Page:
At a time when superhero films are becoming synonymous with stereotypical origin stories, visual effects and set pieces, one of my favourite scenes from The Batman is rather slow-paced and has our titular hero (played by Robert Pattinson) and James Gordon (Jeffrey Wright) investigating a crime scene. A horrific murder has taken place, and as you can imagine in a DC film, it’s all darkly lit, the mood is tense, and the words, sparse. “Ecchymosis,” deduces the bat, looking at the dead body.
Google tells me that it means discolouration of the skin resulting from bleeding underneath, typically caused by bruising. As one of the first scenes in the film, it felt like a nod to our hero himself, someone bruised in the inside. Unlike the previous Batman films, this one refreshingly focusses more on the Sherlockian abilities of our hero.
In previous Batman origins films, we have already seen the Bruce Wayne’s parents get murdered; we have seen Bruce taking upon the mantle of keeping the city clean. Reeves gets that we have seen it all before and avoids repetition. Instead, we get a young Bat who is a couple of years into the crime-fighting business. The film focusses on the series of high-profile deaths that bring an already ramshackle Gotham to its knees. At a runtime of almost three hours, The Batman is packed to the brim with content that might seem like exposition to the average movie-goer but is a treasure chest for fans of the caped crusader. This is both a boon and pardon the pun, bane.
The Batman breaks ground with a lot of what it has in store both on and off the screen. For starters, Wright is the first actor of colour to portray Gordon. It’s also the first time we get a bisexual Catwoman. Interestingly, both Catwoman and Batman do a lot in their regular identity than they do in their alter egos. Selina has her own quest of finding her roommate who goes missing and when that case comes under our Batman’s jurisdiction, they form an unlikely duo we have loved for years. On the other hand, Bruce from The Batman is rather unlike the dapper-looking prodigal heir. Here, he’s reclusive, and in place of a party-loving playboy, we get a man riddled with self-doubt and suffering an existential crisis who, in the course of time, learns that hope is not what can be sought from the outside but nurtured from the inside.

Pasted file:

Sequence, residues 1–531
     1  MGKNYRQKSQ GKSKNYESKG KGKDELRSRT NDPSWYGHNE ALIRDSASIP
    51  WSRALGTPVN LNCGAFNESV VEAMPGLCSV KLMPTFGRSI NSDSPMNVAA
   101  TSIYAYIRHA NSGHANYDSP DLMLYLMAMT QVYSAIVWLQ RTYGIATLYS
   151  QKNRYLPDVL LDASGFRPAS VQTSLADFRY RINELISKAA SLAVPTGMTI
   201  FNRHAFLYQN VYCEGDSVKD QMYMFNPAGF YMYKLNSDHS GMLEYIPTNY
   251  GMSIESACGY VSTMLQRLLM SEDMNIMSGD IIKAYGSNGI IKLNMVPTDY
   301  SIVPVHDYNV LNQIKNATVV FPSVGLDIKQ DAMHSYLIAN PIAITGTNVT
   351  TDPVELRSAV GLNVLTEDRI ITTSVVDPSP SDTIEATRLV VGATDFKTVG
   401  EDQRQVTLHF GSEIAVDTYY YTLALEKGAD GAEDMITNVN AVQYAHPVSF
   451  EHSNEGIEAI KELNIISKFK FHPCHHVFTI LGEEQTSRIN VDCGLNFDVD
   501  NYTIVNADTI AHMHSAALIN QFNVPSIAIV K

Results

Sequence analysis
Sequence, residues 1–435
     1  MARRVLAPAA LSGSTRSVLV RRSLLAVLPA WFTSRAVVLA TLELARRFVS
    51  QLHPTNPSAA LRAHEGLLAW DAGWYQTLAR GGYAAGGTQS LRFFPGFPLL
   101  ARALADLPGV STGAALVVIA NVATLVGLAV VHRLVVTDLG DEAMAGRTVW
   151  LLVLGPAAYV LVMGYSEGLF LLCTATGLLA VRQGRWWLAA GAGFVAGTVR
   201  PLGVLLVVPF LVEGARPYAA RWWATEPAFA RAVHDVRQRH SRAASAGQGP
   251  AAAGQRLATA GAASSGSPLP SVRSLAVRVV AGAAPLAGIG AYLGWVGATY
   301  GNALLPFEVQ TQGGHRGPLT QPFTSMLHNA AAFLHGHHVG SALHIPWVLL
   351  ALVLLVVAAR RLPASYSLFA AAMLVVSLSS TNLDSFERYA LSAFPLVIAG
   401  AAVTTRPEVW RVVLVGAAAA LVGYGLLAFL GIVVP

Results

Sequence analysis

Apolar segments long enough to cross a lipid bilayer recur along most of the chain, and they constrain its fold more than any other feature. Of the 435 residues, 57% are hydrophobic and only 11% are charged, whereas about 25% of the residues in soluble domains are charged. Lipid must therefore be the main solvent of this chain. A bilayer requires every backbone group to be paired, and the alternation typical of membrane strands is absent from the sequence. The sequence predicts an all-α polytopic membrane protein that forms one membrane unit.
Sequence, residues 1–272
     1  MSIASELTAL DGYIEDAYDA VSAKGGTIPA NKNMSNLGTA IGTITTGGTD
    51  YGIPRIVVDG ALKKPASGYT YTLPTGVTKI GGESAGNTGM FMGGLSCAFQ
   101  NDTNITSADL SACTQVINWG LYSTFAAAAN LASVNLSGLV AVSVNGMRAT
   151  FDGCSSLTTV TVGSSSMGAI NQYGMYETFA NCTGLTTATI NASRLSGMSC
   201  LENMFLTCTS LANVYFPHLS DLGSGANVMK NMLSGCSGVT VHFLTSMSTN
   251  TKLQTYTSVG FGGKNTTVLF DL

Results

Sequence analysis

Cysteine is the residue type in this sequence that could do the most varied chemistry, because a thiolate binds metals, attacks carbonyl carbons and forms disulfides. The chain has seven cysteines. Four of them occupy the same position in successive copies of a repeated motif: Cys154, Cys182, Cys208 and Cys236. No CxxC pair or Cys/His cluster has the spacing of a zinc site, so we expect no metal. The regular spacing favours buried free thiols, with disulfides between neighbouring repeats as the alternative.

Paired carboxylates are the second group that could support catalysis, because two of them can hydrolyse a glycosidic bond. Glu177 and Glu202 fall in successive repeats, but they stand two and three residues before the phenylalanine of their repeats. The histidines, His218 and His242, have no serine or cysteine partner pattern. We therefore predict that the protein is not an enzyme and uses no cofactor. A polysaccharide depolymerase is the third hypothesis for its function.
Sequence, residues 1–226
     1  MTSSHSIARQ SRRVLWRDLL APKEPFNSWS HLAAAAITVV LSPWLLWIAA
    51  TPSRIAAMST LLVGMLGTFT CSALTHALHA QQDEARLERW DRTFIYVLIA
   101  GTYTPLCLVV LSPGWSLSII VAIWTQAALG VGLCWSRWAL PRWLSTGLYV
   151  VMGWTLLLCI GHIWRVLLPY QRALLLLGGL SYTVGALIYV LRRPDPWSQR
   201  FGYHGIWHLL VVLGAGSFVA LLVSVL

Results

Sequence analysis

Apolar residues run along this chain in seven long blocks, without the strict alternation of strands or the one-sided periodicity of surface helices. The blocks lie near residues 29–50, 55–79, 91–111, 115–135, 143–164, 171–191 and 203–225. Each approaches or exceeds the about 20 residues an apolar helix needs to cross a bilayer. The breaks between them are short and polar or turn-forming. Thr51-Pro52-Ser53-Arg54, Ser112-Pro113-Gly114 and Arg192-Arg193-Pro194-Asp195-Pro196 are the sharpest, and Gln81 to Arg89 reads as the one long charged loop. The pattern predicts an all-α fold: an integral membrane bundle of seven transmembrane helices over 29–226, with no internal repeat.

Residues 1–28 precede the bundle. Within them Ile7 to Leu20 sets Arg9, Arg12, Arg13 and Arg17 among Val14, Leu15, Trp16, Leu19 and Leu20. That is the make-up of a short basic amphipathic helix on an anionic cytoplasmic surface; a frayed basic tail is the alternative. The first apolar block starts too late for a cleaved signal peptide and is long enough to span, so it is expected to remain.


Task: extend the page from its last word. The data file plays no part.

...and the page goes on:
Reeves is a visual storyteller and The Batman is no different. The film’s noir approach pays off and what we get is a visually stunning drama. The rootedness of the film is its biggest blessing. If Joker (2019) felt pragmatic, The Batman builds on that. However, the film does have its share of references and callbacks. We see Batman jump off a gargoyle, throw himself out of a skyscraper and glide through the sky, shoot his grappling gun, and even put his utility belt to use. Speaking about references, the scenes involving the Riddler/Edward Nashton (Paul Dano), is sure to remind you of films like Se7en and Zodiac. Nashton who is a brainiac puts Bruce on an edge, and as the cat and mouse game progresses, both characters figure out the true purpose of their existence. Dano’s Nashton will definitely go down as one of the best villains that our caped crusader has faced on the big screen.
There can’t be a Batman film without impressive action and this film doesn’t fail to quench that thirst though it’s not as much as you would expect. Apart from a stunning car chase sequence, the hand-to-hand combat scenes are a treat to watch. Greig Fraser’s cinematography and Michael Giacchino’s score elevate the mood. On the flip side, it’s hard for any three-hour-long film to hold our attention and The Batman is no different. A few sequences do feel, for lack of a better word, stretched.
The Batman takes yet another long step in showing how the character has evolved from carrying a shark repellent in his utility belt to becoming an antihero fuelled with rage and out to handover vengeance. Reeves manages to give a superhero film that is different from its previous versions and yet ticks all the boxes that make the character who he is. The Batman is a brilliant reboot that captures the essence of the titular hero while putting him on a new canvas that we have rarely seen, making it the start of something huge. It’s the start of something fresh, something dark... And it’s understandable because clean slates, after all, do look dark.
Director: Matt Reeves
Cast: Robert Pattinson, Zoë Kravitz, Paul Dano, Jeffrey Wright, Andy Serkis, Colin Farrell